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Kategorien/Categories:    ›Sprachkultur/Language culture‹  ›EN‹   –  15.10.2012

Just make it up!

One of the things I’ve always loved about the English language is the ease with which new words are formed. At a moment’s thought, new, descriptive verbs are coined or words melded like Siamese twins to form new concepts. The good ones become part of our vocabulary, and sometimes we don’t even think about their creative origin anymore.

One of the hallmarks of creative and inventive language use surely is the portmanteau word. It is formed by combining two words into a new term, mixing and matching parts of each, just  like that old children’s game where you make up phantasy figures from separate body parts. The new word describes a concept for which there has never before been a satisfactory word.

This practice gave us such fine words as edutainment, blaxploitation, sitcom, breathalyzer, shockumentary and, of course, the blog (from web + log). Among the newer arrivals are Bollywood, tangelo (tangerine + pomelo), McMansion, spork (spoon + fork), shopaholic, frenemy (friend + enemy), frankenfood (genetically modified food) and affluenza (affluence + influenza), which denotes anxiety or dissatisfaction caused by submission to consumerism. Then there are the morphed brand names, such as Velcro - from French "velours" (velvet) and "crochet" (hook)-, or Cambozola, a creamy concoction of Camembert and Gorgonzola. Even Wikipedia is a portmanteau!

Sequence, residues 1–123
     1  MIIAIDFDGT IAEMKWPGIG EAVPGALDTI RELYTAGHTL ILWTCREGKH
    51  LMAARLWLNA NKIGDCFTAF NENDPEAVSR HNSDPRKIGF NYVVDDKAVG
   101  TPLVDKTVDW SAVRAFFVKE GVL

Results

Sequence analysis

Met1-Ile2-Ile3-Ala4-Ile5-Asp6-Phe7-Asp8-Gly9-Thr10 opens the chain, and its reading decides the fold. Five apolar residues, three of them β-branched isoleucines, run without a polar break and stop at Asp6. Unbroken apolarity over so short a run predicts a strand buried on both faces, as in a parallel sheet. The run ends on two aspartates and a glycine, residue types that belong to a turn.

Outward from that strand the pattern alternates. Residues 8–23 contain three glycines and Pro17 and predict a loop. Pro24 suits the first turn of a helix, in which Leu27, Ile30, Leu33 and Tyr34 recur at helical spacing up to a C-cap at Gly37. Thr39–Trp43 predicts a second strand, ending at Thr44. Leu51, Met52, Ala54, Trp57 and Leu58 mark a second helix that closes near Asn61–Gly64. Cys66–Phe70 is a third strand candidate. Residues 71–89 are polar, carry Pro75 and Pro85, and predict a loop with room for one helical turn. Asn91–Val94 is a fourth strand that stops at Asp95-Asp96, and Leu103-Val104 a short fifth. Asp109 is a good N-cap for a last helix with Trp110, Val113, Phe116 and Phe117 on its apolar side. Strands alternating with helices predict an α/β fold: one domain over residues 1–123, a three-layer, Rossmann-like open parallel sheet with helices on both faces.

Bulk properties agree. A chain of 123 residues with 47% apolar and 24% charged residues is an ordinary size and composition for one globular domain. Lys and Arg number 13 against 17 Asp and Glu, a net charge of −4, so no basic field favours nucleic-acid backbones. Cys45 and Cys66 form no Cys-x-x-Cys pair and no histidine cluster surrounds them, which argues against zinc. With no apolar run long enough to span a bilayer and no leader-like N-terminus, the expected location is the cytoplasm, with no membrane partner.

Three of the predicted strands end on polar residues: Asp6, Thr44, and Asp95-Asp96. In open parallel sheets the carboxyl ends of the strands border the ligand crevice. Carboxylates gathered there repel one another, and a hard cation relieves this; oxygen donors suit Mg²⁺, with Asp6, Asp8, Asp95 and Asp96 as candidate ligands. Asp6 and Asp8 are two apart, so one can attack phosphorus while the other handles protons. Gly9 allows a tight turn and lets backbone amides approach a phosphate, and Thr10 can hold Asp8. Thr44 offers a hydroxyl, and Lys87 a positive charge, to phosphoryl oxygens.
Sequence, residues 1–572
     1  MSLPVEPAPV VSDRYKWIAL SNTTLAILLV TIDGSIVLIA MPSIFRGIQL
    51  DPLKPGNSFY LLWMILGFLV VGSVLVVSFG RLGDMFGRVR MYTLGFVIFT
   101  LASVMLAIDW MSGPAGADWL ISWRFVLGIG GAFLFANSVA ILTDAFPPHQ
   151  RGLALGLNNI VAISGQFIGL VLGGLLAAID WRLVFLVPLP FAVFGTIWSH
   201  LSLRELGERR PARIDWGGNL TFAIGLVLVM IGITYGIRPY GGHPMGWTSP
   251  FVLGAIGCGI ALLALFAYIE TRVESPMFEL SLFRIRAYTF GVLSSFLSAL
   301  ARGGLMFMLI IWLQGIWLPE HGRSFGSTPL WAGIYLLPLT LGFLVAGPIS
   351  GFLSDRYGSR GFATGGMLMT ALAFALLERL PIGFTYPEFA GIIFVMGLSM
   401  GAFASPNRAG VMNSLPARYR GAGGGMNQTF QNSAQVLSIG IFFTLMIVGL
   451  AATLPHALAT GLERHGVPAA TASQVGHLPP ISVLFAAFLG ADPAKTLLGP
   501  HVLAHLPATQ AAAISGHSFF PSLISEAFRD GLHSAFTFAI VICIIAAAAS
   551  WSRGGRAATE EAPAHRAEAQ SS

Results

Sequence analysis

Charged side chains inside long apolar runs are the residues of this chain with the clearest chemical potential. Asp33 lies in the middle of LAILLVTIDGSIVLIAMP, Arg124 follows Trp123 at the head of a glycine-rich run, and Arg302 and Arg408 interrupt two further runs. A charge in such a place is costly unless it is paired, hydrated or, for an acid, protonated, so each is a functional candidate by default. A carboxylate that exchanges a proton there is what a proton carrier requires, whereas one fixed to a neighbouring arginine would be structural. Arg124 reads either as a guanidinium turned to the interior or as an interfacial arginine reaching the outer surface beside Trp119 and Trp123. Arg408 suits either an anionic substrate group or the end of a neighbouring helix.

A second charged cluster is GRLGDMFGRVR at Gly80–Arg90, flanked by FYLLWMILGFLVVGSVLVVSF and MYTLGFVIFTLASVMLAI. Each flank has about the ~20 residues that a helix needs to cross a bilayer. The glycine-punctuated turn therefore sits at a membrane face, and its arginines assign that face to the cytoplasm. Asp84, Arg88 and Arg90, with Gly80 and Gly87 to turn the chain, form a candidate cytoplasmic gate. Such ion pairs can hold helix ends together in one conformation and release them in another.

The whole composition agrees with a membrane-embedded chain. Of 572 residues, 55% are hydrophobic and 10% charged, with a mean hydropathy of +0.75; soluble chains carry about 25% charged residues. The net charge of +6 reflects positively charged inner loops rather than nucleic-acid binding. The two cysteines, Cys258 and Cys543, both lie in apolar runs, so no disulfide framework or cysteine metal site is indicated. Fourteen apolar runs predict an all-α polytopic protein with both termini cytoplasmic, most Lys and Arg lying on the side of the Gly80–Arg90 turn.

Some portmanteaus have been around long enough to become part of the mainstream vocabulary - we simply don’t think about them as separate terms anymore. Examples include motel (motor + hotel), brunch (breakfast + lunch), smog (smoke + fog), ruckus (ruction + rumpus) and even the camcorder (yes, it’s that old!).

Alice and Humpty DumptyThe word portmanteau in its French origin is itself an amalgam of the words porter (to carry) and manteau (cloak) and describes a suitcase with two compartments. Lewis Carroll introduced the linguistic two-in-one concept in his book “Through the Looking Glass” in 1871. There, Humpty Dumpty explained to Alice the origin of all those unusual words in the Jabberwocky poem, describing a portmanteau as “two meanings packed up into one word.”

Well, we hope we haven’t caused any anticipointment (anticipation + disappointment, due to letdown after hype gives way to reality) after that bodacious (bold + audacious) introduction. So just chillax and be prepared for a little linguistic creativity.